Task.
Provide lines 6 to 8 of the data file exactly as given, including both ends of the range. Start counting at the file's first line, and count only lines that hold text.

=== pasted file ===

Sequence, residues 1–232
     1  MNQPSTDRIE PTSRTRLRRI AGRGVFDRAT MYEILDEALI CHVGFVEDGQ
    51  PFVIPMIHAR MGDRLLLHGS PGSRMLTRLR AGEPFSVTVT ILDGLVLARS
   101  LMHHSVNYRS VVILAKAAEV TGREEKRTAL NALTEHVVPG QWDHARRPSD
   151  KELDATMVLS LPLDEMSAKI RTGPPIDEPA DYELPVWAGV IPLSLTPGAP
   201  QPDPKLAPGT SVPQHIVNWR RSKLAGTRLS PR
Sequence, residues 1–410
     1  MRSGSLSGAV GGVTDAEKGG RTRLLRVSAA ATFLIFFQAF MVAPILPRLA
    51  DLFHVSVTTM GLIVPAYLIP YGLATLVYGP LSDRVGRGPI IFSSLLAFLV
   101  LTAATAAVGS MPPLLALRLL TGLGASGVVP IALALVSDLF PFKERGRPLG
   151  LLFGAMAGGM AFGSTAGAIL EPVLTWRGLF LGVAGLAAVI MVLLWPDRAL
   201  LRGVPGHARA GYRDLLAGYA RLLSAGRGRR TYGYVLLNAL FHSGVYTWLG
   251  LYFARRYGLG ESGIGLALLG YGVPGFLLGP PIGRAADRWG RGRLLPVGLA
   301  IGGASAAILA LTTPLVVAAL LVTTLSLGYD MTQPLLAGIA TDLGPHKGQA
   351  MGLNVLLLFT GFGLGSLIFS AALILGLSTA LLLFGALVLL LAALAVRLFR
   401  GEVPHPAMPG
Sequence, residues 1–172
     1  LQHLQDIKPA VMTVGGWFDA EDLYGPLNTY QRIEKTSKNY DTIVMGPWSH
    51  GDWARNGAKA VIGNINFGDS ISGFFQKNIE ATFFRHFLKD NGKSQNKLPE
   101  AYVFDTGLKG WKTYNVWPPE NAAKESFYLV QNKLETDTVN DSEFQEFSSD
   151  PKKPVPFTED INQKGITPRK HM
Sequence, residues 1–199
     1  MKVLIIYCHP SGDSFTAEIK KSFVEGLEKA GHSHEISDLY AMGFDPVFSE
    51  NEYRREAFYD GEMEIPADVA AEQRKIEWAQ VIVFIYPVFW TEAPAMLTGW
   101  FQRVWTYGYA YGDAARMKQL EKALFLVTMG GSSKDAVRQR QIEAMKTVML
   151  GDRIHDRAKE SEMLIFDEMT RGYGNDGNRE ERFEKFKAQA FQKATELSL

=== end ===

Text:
   201  QPDPKLAPGT SVPQHIVNWR RSKLAGTRLS PR
Sequence, residues 1–410
     1  MRSGSLSGAV GGVTDAEKGG RTRLLRVSAA ATFLIFFQAF MVAPILPRLA